South Africa Safety Initiative for Small Vessel’s Operational Take-Up (OASIS-TU): Case Study

exactEarth

Each year, thousands of mariners in small vessels lose their lives at sea and billions of dollars are lost to illegal fishing and resource smuggling, both activities also often involving small boats. Accordingly, two significant challenges faced by modern coastal states are the need to ensure small vessel maritime safety in their areas of interest, as well as the need to be able to monitor and manage small vessel maritime activities within their EEZ and beyond. These dual goals have led to a demand for an affordable, wide-area, large-population small vessel tracking solution which also incorporates internationally recognised maritime safety capabilities. 

It was these dual demands that induced exactEarth to develop its AIS-based ‘exactTrax’ solution to meet this important global requirement. exactTrax allows specially modified AIS Class B devices to be tracked reliably via satellite. As such, it combines all the key attributes and global standards of AIS related to vessel safety, together with the ability to track small vessels regardless of their location – in-shore, off-shore or on the high-seas. 

With this background, the UK Space Agency’s ‘International Partnership Programme’ (IPP 1 ) support for exactEarth Europe’s OASIS-TU project has been instrumental in: 

• implementing exactTrax as an operational service in South Africa. The project is being delivered through our South African partners, the South African Maritime Safety Authority (SAMSA) and the National Sea Rescue Institute (NSRI). Benefits include a reduction in small vessel-related deaths at sea (South Africa has some of the most treacherous sea conditions in the world) and a reduction in Search and Rescue (SaR) costs (millions of Rand are spent every year by SAMSA and the NSRI on small vessel rescues).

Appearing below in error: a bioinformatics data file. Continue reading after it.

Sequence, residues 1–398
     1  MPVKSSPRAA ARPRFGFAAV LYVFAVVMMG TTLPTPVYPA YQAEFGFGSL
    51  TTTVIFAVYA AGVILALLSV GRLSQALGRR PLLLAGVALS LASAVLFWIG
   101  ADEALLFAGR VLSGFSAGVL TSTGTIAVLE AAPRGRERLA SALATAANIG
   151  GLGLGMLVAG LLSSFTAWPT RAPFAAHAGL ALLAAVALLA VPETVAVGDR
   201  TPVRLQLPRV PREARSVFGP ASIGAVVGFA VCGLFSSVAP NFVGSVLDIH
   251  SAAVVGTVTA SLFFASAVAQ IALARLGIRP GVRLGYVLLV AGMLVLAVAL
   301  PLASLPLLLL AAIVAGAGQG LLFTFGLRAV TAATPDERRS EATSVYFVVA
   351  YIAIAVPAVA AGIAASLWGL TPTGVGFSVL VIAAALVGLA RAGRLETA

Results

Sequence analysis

• supporting the development of a new exactTrax transponder by Stone Three Venture Technology, a South African company, for subsequent, and very successful service trials in Madagascar. These involved five Malagasy government agencies: CFIM, APMF, COFONA, CSP and ARTEC, and fifty small boat operators in three regions of the country. As the trials were so successful, all the stakeholders are now looking for further capital funding for an operational deployment to reach 1,000 small boat operators in Madagascar.

• allowing exactEarth Europe to promote exactTrax, via in-country small-scale service trials, in a further five SADC maritime nations and two countries in West Africa. Local small boat monitoring requirements across these include safety of life at sea and small-scale fisheries management.

Download PDF

Download PDF version